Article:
Dr Nia Jones


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The general theme of my research is the articulation of the past in medieval Britain, with the closest focus on medieval Wales and on chronicle writing. In a wider sense, I am interested in the role of institutions, such as Cistercian monasteries in Wales, in the formation of a usable past and the articulation of power. My work on medieval Wales explores the way history was written, funded and conceived of in high medieval Britain and the way it served agendas of ethnicity and political power. My recent research has focussed on the reception of Geoffrey of Monmouth in medieval Wales; the editing of an early Welsh chronicle; the place of Wales in the wider northern European world and the last Viking raid on Wales; the relationship between Wales and the Isle of Man; and the chronicle Brut y Tywysogion, ‘the History of the Princes’, the most important historical narrative to have survived from medieval Wales.

The main focus of my current research is on Brut y Tywysogion, and considers how the chronicle’s narrative reveals the relationship between such Cistercian monasteries and the native rulers of Wales, particularly the dynasty of Deheubarth in southern Wales and the two Llywelyns of Gwynedd. I am also founder member of the Welsh Chronicles Research Group (http://croniclau.bangor.ac.uk/), established to facilitate and direct research on Welsh chronicles through the organising of conferences and the creation of a website containing editions, bibliographies and discussions of chronicle texts. I am currently in the process of co-editing a volume which draws together research discussed at these conferences.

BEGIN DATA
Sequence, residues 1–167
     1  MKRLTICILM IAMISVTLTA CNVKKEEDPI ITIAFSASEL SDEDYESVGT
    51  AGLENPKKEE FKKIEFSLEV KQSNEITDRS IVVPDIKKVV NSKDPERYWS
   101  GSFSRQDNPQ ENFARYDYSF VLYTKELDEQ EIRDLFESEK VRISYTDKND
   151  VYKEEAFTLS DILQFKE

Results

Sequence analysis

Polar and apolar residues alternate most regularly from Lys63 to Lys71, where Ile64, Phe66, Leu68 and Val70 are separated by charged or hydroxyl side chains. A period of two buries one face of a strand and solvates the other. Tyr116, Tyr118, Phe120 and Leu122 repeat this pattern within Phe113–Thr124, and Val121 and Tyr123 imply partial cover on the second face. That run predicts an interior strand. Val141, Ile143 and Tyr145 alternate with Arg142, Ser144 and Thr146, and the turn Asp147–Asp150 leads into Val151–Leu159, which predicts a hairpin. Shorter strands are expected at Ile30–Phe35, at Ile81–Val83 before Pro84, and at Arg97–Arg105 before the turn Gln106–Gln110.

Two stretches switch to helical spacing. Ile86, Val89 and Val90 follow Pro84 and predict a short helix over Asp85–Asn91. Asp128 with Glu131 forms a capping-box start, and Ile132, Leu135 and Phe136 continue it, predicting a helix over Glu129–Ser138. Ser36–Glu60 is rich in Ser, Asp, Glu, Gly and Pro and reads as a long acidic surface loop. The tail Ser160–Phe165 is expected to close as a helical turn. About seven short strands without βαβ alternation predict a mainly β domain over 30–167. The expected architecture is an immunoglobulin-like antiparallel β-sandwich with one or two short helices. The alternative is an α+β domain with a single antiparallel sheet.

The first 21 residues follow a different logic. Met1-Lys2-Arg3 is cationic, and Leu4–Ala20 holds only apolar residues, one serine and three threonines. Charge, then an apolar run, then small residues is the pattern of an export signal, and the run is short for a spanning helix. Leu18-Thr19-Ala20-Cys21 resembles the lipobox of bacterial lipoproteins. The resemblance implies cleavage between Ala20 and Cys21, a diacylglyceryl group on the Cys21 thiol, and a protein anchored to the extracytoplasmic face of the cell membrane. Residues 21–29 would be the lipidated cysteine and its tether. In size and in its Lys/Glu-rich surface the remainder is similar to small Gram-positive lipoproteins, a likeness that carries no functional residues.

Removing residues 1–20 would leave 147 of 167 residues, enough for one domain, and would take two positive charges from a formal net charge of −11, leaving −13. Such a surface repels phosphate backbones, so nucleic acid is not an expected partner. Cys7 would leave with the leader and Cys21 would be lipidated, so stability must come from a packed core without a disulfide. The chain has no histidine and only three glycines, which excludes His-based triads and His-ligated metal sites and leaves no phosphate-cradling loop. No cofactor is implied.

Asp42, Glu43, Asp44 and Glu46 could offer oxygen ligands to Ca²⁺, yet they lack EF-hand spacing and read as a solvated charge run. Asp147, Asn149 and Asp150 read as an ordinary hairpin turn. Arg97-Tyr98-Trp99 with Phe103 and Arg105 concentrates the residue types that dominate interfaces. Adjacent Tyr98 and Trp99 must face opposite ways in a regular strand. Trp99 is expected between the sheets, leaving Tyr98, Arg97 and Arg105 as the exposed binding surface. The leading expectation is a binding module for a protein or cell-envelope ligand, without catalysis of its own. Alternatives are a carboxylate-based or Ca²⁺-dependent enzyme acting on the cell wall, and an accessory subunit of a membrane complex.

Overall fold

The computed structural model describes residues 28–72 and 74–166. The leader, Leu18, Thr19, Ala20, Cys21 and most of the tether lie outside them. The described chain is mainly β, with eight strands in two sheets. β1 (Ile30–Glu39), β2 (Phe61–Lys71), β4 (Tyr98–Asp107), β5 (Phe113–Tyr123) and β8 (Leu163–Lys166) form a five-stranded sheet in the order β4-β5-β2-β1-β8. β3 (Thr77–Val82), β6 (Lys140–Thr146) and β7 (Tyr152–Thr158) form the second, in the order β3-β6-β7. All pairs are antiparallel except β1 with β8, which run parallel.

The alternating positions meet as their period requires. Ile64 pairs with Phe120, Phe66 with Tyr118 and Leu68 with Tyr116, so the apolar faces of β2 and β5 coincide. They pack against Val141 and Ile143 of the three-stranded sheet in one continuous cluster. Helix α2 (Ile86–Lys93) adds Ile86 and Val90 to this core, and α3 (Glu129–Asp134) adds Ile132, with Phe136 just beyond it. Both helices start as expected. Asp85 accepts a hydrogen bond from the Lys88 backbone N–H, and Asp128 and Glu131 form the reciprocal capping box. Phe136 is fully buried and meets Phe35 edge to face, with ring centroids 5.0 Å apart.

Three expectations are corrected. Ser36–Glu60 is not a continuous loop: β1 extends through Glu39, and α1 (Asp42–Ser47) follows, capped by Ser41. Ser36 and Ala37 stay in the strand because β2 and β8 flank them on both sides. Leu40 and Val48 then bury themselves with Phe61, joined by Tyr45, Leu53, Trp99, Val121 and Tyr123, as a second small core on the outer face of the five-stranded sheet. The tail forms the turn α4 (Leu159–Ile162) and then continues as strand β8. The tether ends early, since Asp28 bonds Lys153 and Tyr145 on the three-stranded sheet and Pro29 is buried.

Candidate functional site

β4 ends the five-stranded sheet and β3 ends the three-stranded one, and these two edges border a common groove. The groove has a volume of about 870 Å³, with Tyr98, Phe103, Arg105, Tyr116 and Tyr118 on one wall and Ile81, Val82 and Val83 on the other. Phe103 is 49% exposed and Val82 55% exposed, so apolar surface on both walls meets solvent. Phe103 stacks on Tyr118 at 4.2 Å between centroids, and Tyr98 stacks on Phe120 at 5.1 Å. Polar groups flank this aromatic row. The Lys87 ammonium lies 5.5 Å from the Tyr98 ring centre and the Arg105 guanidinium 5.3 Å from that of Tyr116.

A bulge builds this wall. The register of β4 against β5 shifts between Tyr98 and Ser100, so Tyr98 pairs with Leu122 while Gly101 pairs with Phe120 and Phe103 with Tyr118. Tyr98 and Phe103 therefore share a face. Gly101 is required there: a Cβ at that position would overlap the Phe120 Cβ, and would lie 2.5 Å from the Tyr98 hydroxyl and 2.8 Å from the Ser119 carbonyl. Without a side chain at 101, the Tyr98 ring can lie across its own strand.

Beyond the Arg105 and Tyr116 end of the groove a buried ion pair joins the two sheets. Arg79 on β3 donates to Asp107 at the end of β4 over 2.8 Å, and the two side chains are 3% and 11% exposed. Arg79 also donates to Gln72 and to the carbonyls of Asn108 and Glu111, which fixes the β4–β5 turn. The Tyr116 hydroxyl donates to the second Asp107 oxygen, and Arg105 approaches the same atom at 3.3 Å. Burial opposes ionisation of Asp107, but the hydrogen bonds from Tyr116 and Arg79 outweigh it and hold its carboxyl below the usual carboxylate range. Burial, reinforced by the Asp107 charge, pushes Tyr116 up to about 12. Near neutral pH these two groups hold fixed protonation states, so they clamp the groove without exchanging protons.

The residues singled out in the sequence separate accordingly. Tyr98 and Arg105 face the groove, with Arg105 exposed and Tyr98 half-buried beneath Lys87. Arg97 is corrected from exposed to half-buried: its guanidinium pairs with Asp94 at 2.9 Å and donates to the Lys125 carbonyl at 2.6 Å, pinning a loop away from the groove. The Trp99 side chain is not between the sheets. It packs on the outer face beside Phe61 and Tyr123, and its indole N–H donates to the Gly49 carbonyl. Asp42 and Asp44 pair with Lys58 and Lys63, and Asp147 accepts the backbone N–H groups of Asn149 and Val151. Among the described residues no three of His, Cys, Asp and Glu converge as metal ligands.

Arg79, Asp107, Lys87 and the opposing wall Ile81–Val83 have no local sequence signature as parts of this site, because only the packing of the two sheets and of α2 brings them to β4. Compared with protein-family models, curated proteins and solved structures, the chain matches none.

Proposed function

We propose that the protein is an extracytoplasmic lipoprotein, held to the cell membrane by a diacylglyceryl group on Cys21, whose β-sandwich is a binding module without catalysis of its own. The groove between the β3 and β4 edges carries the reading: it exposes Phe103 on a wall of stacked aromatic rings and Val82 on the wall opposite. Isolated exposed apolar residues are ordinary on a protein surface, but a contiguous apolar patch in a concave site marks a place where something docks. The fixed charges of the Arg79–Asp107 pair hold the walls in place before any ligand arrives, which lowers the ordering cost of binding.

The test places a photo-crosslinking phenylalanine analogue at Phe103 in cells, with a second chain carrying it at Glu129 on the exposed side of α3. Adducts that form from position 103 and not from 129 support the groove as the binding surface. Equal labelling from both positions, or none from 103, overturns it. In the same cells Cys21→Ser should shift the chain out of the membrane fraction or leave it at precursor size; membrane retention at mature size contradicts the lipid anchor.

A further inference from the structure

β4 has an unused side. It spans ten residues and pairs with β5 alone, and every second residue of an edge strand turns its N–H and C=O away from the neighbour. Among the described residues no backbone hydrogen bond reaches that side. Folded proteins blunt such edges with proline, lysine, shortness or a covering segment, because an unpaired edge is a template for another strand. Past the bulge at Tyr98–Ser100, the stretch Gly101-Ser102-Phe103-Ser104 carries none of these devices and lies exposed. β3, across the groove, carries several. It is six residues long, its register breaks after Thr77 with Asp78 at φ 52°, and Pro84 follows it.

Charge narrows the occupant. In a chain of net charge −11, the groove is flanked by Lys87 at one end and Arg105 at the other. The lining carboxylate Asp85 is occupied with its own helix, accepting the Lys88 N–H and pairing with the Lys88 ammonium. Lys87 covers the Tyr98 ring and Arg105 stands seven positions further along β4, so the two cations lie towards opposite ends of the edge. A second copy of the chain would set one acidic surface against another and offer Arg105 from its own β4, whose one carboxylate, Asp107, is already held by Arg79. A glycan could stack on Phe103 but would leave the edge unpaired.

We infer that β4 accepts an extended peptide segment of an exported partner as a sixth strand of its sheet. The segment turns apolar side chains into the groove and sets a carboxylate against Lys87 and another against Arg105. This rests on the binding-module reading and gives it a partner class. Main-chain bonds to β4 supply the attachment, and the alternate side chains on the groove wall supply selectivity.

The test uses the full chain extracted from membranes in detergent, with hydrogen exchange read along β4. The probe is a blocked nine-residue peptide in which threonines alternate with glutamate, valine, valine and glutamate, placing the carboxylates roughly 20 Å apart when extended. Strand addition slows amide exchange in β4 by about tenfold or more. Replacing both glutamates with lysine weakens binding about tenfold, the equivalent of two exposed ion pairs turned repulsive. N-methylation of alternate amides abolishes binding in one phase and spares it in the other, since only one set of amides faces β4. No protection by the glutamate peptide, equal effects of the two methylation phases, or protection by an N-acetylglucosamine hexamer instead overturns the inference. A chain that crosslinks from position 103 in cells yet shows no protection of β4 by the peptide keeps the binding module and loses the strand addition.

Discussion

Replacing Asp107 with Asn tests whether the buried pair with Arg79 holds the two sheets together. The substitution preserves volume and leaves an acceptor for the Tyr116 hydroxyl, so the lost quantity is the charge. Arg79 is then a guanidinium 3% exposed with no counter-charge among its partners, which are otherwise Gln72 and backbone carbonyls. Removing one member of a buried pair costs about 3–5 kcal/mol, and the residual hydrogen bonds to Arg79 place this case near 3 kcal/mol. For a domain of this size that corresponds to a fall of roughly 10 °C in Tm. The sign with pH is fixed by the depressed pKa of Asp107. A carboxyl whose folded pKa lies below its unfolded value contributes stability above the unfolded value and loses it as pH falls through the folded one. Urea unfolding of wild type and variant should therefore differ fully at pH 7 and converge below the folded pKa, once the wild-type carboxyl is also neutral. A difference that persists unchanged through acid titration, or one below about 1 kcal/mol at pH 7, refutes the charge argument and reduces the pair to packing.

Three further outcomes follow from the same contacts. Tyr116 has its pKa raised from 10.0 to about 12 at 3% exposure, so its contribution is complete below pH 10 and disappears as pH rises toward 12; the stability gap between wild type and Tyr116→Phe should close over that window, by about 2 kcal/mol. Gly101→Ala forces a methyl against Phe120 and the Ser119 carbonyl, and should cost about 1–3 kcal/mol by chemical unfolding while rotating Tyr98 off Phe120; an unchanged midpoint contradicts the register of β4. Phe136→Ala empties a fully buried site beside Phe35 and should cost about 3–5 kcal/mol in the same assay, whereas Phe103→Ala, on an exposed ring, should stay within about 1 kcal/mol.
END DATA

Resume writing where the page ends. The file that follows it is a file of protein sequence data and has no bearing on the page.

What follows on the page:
My doctoral thesis (2014) was a multi-disciplinary study of many aspects of medieval historical writing and received the Bangor University Draper’s Medal awarded, to one postgraduate student at the university each year in recognition of exceptional research. It discussed the genesis and development of the ‘Welsh Historical Continuum’, a series of three historical texts which occur together in manuscripts from the fourteenth century onwards, creating a continuous history of the Welsh from the classical past to the Edwardian Conquest. These historical writings were then further contextualised through approaches which included textual typology, a focussed case study of the monastery of Valle Crucis and its hinterland, and a comparative literary study which established the Welsh evidence in a European context. A substantial element of the thesis then dealt with the role of the Welsh Cistercians in the production of these texts, and with analysis of the nature of the chronicle Brut y Tywysogion, as well as the creation of a new critical edition of another neglected chronicle.

Education / academic qualifications

  • 2014 - PhD , History (2010 - 2014)
  • 2010 - MA , MSt Medieval Studies (2009 - 2010)
  • 2008 - BA , Anglo-Saxon, Norse, and Celtic Studies (2005 - 2008)

Research outputs (6)

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